The answer is as plain as black and white—Persecutions? Yes.

“When Christ calls a man, he bids him come and die.”
Dietrich Bonhoeffer, The Cost of Discipleship

Pope Francis (L) prays as a Jewish Rabbi looks on at the Western Wall, Judaism’s holiest site, in Jerusalem’s Old City on May 26, 2014. Pope Francis faces a diplomatic high-wire act as he visits sacred Muslim and Jewish sites in Jerusalem on the final day of his Middle East tour AFP PHOTO/ VINCENZO PINTO (Photo credit should read VINCENZO PINTO/AFP via Getty Images)

Late last evening, while watching Clemson finishing out on top over Ohio State
in a battle in the Fiesta Bowl, a breaking news alert popped up on my phone…

The initial report was that there had been a stabbing outside of a synagogue
in New York.

“Oh Lord,” I thought out loud, “not again!”

As the facts started to come in more clearly, the attack had actually happened
inside the home of a Rabbi who lived next door to a Synagogue in Monsey, New York.

Reports were that a man had entered the home, where Hasidic members of a synagogue
had gathered prior to going to celebrate the 7th night of Hanukkah,
and began hacking people with a machete.

The news headline read:
New York Jews continue Hanukkah celebrations after stabbing at
rabbi’s home that left 5 wounded

The story explained that
Five people were stabbed at a rabbi’s home in New York during a Hanukkah celebration
on Saturday night —
but that didn’t stop worshippers from continuing their prayers at a synagogue next door.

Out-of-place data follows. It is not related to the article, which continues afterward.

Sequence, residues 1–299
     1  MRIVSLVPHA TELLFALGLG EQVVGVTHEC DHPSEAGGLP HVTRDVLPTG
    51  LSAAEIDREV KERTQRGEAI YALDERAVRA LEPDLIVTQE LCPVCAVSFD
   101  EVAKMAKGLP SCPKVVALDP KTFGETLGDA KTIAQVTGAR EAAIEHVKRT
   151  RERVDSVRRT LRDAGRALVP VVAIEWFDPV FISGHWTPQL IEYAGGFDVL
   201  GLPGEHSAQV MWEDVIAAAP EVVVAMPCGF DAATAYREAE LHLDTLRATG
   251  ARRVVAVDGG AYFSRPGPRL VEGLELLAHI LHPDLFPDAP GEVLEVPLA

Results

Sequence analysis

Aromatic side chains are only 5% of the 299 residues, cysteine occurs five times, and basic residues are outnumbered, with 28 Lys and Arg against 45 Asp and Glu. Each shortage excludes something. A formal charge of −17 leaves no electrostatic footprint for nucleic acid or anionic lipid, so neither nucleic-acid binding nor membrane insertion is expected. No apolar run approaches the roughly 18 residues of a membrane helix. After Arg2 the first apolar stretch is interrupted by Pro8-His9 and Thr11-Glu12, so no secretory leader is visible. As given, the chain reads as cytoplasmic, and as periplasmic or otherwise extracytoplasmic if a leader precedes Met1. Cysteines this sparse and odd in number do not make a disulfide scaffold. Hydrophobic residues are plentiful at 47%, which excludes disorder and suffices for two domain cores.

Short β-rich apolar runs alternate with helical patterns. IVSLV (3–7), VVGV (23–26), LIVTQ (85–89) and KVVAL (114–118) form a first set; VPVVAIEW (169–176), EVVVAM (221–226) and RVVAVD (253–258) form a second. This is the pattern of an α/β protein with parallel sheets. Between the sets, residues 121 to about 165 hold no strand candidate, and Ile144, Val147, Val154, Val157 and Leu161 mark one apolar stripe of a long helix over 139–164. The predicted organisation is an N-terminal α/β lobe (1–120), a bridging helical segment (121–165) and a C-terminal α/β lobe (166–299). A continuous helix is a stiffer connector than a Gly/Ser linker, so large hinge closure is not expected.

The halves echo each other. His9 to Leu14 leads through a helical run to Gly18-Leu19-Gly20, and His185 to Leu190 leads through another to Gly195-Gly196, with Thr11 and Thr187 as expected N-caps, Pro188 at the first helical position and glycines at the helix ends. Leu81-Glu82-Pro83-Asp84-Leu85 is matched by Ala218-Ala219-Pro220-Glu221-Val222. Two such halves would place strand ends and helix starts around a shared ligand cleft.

Soon after the attack in the suburb of Monsey, located just 35 miles north of New York City
in Rockland County, Rabbi Chaim Rottenberg and his followers gathered at the adjacent synagogue,
which the rabbi leads, and sang together in prayer.

The Orthodox Jewish Public Affairs Council for the Hudson Valley tweeted a video of Rottenberg
and his followers continuing their celebration of the seventh night of Hannukah.
“The grace of God did not end and his mercy did not leave us,”
they sang, according to a translation of their song posted online.

Here’s a link to the initial story
https://www.foxnews.com/us/new-york-hanukkah-stabbings-five-wounded-synagogue-celebrations

The following day, I ran across a post shared by a fellow blogger…
The post seemed more than ironically timely as it addressed an alarming concern…

The concern being that there is a troubling rise in growing antisemitism while being
mirrored by a simultaneous decline in Holocaust memory.

Meaning—attacks on Jews is on the rise while the history of the Holocaust
is fading.

Fading as many young people have little to no grasp of the darker side of
20th-century history.
Just considering the almost rabid fascination by youthful generations with socialism
then this should not be terribly surprising—but terrible it is.

Here is the post along with a link to the full article.

A Growing Monster
December 29, 2019
by Anna Waldherr

A Europe-wide CNN poll in November 2018 found a rise in anti-Semitism and a
decline in Holocaust memory [1].
Anti-Semitic incidents in Germany rose by almost 10% in 2018, to a 10 year high [2][3].
In December 2018, a Greek Holocaust Memorial was desecrated for the fourth time [4].
In January 2019 a synagogue was vandalized in the Bulgarian capitol Sofia [5].
In June 2019 planned construction on the site of mass graves dating to the
Holocaust came to light in the Ukraine [6].
By July 2019 anti-Semitism in the United Kingdom had spiked [7].
A video showing West Ham soccer fans singing an anti-Semitic fight song about
rival club Tottenham Hotspur (which has a largely Jewish fan base) was posted to Twitter.
There is a monster growing in Europe. Anti-Semitism has increased substantially since
the 2015 immigration crisis [8].